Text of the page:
Hong Kong Pressures Google to Censor Protest Anthem in Searches

Hong Kong Pressures Google to Censor Protest Anthem in Searches

Google is facing backlash from Hong Kong officials and legislators for a pro-democracy song that has shown up at the top of a search for the China’s national anthem. The song, Glory to Hong Kong, is among the top results, prompting the pro-Beijing legislative council and Hong Kong’s chief secretary to criticise Google’s parent company Alphabet Inc.

The issue comes after local officials launched an investigation last month after the protest song was played before the country’s rugby team played at an international tournament in South Korea. The alleged mistake was made by a junior staffer at the event who had used a track found on the internet, according to Hong Kong officials The Wall Street Journal reported.

The official national anthem, March of The Volunteers, has been in place since Beijing regained sovereignty over Hong Kong, but in 2019, pro-democracy protestors gathered to sing “Glory to Hong Kong” — a song they called their new national anthem.

Google told Gizmodo they can’t comment on the reports that officials in Hong Kong are urging them to adjust their search results. The company has said it believes in open access to information and that it doesn’t remove content unless it falls under specific policies or legal obligations.

What’s likely frustrating officials in China even more, is another recent instance of the pro-democracy song allegedly being played by mistake. This time, at a power-lifting event in Dubai, according to South China Morning Post.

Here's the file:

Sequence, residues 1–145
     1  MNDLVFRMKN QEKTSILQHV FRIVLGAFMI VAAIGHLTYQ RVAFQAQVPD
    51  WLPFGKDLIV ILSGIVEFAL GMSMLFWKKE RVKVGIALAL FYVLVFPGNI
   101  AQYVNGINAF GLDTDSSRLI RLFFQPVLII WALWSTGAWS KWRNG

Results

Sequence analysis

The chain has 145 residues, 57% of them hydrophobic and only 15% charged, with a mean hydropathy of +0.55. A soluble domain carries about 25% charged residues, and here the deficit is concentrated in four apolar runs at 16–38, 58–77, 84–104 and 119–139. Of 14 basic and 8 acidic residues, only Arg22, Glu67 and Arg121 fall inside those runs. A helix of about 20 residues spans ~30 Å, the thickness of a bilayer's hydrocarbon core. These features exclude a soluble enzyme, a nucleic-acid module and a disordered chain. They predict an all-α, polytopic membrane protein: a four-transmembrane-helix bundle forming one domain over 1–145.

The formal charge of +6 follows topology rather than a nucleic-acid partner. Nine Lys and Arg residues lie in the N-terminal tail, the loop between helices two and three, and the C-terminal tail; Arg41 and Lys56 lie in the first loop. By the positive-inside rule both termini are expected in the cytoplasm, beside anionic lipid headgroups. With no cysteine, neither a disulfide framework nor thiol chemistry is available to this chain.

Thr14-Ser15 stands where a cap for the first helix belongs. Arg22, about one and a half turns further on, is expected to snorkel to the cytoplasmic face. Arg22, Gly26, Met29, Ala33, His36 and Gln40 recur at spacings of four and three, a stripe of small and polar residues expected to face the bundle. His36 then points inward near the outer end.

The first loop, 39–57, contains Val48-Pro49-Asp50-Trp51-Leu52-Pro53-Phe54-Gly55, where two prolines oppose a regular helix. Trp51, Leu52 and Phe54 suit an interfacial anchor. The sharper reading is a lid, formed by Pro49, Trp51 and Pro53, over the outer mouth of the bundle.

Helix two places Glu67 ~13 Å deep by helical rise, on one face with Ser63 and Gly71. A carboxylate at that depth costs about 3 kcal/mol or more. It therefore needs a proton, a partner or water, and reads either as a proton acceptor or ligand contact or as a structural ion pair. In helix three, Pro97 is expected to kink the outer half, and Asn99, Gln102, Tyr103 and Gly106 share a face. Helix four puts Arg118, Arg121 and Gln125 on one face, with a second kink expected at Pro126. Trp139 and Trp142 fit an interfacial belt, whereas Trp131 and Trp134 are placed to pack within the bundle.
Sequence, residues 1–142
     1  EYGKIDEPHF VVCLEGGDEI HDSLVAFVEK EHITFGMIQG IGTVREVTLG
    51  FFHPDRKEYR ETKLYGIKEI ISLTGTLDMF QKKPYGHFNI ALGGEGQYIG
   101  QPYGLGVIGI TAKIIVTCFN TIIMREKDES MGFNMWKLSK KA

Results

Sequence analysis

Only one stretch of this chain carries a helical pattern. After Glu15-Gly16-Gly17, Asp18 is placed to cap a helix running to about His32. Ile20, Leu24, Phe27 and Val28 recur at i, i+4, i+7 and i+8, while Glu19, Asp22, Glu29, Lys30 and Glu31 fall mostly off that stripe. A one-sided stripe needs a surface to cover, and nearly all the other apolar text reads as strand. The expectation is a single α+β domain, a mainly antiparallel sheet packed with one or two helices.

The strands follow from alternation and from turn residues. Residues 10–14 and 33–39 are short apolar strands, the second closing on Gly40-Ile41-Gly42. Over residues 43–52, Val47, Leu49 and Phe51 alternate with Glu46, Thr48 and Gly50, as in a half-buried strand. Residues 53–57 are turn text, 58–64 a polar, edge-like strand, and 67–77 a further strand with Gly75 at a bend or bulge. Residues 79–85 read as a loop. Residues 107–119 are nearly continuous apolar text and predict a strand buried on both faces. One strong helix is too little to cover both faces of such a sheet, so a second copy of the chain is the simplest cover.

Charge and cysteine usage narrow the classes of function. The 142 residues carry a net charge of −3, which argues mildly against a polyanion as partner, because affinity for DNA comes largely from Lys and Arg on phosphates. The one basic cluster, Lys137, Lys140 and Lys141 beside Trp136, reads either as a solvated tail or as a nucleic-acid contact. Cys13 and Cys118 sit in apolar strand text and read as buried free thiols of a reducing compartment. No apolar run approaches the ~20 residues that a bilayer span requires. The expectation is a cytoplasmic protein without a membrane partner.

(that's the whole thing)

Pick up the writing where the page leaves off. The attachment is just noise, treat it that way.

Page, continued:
A search for “Hong Kong national anthem” on google.com.hk as of writing this, first displays a link to the Wikipedia page for Glory to Hong Kong, the pro-democracy song stirring controversy, followed by a Wikipedia link below that to the history of Hong Kong’s actual national anthem. Below that, is four YouTube videos that show the protest anthem. Additional information pulled from the first page of Google’s results directs viewers to news articles discussing the situation.

Sandra Marco Colino, an associate law professor at the Chinese University of Hong Kong told The Wall Street Journal that Google likely did not intentionally display the protest song at the top of its search results, but it’s probable that its algorithms were at fault.

She said Google could update the results so Glory to Hong Kong is less prominent, but she added “Another matter is whether it can be compelled to do so” legally.

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